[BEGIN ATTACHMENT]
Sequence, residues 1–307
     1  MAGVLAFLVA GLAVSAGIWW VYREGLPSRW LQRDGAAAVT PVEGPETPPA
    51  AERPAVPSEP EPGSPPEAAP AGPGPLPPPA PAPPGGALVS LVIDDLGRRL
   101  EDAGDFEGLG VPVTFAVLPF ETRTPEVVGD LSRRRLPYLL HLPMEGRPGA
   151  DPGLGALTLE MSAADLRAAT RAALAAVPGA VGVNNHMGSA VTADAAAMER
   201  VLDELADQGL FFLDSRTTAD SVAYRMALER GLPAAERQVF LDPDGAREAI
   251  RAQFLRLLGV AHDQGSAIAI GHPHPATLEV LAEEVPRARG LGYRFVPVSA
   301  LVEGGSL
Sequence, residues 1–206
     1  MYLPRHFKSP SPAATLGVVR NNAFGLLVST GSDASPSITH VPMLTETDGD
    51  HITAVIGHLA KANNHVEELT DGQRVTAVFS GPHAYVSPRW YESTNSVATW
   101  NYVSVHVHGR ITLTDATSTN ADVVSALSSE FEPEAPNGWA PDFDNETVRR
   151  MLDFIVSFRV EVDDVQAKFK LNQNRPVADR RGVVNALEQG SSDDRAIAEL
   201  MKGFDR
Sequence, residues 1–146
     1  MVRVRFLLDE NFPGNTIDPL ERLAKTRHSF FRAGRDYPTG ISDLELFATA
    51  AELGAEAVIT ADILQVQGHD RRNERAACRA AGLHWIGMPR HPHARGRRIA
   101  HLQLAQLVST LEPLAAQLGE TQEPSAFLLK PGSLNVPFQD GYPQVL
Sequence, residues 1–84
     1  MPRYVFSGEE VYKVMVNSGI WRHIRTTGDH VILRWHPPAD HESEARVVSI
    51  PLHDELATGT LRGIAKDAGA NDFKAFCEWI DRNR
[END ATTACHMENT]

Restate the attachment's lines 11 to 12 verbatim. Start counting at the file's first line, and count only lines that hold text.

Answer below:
    51  HITAVIGHLA KANNHVEELT DGQRVTAVFS GPHAYVSPRW YESTNSVATW
   101  NYVSVHVHGR ITLTDATSTN ADVVSALSSE FEPEAPNGWA PDFDNETVRR